The pacing is snappy and the story often skips directly to the important parts. There’s some humor and slice-of-life as well, but they’re only shown enough for the reader to “get the point” and understand that they do have fun in the academy, rather than being driven home through repetition like countless other works in the medium. The story also reveals enough information at any given point so that the next “twist” can be reasonably predicted, and the draw is more on the writing and the theme of revenge than the excitement of the chuu2 setting. Even that one final twist is rather expected if you study a certain side character’s behavior. The story ties together so that most important plot points introduced are explained and make sense, but there’s also a lot left in the setting that could be further expanded on. I’m hoping the fandisc does that. Hishia, Narita’s super maid, has a rich background that I expected to be unveiled in detail in the end, but it was wrapped up in a few lines of summary and she remained a battle-support character to the very end.
Music was good, but I wasn’t a fan of the art. Not only does the smooth, shiny art actually look kind of off on the simple character designs, the soft style doesn’t really suit the overall tone of the work. It does emit that ‘Noble’ aura though, I give it that.
Ima Sugu Onii-chan no Imouto datte Iitai!
An all-ages galge in the same setting as the eroge Koi to Senkyou to Chocolate, which I did not read nor watch the anime adaptation of. It’s about Mitani Rikuto, meets a cute girl when checking his high school entrance exam results. Then he finds out that his father is getting remarried and the other party has a kid named Ayumu…who happens to be the girl he met. The thing is, she’s now pretending to be a boy and claims to be his new little brother, despite being as convincing as Kenshiro trying to pass off as a high school girl. Oh, but she’s still attending school as a girl, so now Rikuto has a little sister pretending to be his little brother pretending to be a girl at school. As you can probably tell, both the Japanese title and the English title (I wanna say that I’m not your brother right now!) point to Ayumu. It’s no surprise, then, that she can be considered the main heroine and holds the route with the most effort put in.
The story takes place over the first month or so of high school, where competitive events between first year classes are being held. A good deal of the common route focuses on uniting the class and participating in class discussions for school events. Ayumu’s route deals with Rikuto getting over his dead mother and accepting his new family, and ends up being rather heartwarming. There are three other heroines, and their routes are pretty much standard moege fare in terms of conflict and resolution. I guess Matsuri’s issue is a pretty strange one for an all-ages galge to attempt, but the other two are pretty by-the-book with the Haida’s route focusing on her gaining more courage and leadership ability, and Mao coming to terms with her inner girlishness. I didn’t really like how the latter was done since it took some really roundabout way for the character in question to reach a conclusion that most modern people would come up with two minutes into the problem. I guess they were trying to go for the gap moe with Mao with the setting of her being a cool swordsman pretending to be a guy but secretly liking cute things, but the balance was too skewed in favor of the “secret” cute side to properly create the ~*gap*~.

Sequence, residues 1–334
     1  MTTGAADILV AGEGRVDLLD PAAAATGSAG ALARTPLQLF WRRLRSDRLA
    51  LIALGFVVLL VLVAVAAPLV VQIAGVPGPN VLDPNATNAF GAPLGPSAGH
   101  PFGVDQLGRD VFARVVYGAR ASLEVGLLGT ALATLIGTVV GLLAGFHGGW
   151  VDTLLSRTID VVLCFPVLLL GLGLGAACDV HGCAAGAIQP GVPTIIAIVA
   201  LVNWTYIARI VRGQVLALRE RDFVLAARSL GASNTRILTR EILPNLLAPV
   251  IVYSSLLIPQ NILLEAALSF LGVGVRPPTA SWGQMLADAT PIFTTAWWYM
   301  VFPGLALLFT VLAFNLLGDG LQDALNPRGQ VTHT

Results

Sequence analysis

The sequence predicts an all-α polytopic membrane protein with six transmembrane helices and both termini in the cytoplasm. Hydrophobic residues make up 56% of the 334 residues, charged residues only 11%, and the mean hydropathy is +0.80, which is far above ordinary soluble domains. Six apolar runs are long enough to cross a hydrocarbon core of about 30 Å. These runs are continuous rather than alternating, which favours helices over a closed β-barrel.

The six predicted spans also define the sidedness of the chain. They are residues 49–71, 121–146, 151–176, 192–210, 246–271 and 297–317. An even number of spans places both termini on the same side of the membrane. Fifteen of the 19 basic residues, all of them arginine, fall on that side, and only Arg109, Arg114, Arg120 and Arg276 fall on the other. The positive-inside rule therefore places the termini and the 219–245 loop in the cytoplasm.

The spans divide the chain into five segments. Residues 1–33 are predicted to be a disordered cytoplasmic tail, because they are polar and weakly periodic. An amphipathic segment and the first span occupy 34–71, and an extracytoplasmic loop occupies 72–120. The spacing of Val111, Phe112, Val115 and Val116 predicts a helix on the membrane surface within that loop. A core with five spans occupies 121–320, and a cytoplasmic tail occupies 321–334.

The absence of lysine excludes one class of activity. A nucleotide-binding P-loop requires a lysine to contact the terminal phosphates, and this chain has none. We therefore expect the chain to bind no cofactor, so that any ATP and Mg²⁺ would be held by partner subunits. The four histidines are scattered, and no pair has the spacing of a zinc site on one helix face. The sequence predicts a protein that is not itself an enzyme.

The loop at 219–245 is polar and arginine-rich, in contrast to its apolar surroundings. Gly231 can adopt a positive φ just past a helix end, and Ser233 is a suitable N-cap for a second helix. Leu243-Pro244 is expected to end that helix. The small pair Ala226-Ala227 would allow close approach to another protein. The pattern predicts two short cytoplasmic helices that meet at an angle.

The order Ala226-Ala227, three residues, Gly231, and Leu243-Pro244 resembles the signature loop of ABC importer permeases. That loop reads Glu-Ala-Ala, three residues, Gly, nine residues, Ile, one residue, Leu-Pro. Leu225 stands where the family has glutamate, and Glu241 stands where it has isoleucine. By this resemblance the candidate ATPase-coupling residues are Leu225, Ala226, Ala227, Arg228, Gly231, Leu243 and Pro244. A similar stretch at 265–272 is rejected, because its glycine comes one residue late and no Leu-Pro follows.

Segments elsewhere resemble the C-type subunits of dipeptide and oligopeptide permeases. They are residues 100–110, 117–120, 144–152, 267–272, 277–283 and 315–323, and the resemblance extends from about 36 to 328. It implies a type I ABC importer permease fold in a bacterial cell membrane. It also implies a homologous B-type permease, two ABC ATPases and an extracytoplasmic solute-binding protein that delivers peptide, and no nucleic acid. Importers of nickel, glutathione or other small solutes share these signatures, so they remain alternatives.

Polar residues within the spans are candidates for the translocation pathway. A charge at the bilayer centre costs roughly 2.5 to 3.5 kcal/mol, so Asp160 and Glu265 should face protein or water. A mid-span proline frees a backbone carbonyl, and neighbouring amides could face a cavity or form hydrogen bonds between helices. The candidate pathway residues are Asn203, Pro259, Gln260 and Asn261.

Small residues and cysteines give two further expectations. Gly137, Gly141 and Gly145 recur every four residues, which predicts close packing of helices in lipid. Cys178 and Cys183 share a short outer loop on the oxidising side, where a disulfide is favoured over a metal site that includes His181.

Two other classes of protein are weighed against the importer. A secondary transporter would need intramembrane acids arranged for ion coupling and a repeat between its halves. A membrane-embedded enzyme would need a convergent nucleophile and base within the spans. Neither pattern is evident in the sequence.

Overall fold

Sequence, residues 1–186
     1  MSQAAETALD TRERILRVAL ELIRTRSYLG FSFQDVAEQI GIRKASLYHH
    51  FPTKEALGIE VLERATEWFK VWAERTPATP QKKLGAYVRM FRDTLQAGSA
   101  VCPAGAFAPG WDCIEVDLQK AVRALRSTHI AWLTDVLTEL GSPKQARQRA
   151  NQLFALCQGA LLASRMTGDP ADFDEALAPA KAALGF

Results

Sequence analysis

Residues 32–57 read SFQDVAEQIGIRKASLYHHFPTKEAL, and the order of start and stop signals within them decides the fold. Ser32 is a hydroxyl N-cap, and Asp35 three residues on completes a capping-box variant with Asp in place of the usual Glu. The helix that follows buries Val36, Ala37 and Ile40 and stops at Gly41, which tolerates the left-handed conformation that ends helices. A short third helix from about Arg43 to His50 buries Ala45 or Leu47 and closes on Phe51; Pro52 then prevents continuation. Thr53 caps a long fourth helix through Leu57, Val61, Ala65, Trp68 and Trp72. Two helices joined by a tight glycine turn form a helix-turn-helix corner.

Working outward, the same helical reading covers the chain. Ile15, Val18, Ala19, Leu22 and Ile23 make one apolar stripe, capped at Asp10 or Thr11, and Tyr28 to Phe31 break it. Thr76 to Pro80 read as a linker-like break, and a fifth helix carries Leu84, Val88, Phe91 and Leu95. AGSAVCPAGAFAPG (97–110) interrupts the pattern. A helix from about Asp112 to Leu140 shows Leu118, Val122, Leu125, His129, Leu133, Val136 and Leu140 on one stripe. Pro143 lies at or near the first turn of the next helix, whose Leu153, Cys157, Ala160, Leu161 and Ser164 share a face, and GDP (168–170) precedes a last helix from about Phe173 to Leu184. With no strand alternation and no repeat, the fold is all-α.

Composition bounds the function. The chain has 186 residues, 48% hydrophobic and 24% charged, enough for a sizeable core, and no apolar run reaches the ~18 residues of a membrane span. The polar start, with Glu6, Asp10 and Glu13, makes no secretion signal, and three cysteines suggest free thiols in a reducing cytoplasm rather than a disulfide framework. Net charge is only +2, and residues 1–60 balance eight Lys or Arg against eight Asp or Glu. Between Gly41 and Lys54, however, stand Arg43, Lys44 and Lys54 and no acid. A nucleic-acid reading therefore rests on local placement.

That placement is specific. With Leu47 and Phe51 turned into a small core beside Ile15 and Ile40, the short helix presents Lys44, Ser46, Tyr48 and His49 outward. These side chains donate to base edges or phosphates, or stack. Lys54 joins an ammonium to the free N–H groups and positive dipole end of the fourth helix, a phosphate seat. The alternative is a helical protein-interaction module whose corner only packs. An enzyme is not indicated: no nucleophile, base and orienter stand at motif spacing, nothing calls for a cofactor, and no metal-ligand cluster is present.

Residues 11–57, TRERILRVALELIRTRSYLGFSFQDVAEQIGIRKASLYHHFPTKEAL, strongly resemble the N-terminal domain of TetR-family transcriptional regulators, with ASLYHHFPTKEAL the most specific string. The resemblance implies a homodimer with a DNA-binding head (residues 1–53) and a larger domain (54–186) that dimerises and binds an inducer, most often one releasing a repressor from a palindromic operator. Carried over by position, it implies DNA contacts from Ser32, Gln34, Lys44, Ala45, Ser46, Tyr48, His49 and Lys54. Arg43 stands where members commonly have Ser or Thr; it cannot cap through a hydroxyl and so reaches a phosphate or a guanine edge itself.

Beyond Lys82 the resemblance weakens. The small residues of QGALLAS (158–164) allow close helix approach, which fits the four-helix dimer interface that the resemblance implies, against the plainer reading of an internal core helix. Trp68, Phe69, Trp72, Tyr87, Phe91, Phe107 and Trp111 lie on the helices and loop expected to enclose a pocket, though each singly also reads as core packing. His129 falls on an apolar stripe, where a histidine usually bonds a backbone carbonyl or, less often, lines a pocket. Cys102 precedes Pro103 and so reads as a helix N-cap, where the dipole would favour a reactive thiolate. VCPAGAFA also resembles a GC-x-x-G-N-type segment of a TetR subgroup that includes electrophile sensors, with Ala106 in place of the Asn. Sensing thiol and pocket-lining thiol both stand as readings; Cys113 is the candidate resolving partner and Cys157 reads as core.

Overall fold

The watercolory art is nice and the background environments give a refreshing atmosphere so it’s certainly a very pretty game. I wish they used the blue backlight technique more, because it looks really good. Otherwise it’s a pretty average moege that isn’t too heavy on comedy and doesn’t do anything exceptional for the genre. Perhaps it’s due to the game’s all-ages nature, since I find all-ages galge to be more restrained in general when it comes to comedy and the type of content they try to tackle (barring SF stuff).
I liked Miku, the self-proclaimed imouto with no route. Also Ayumu’s mother is cute and looks like a teenager.
One Way Heroics
Possibly the best game I have ever bought for less than a dollar. Despite looking like a game made using some version of RPG Maker, it’s actually not (the creator made his own RPG creation tool, available for public use). It also combines some unusual elements to make a fun, refreshing game that makes for a high amount of replayability.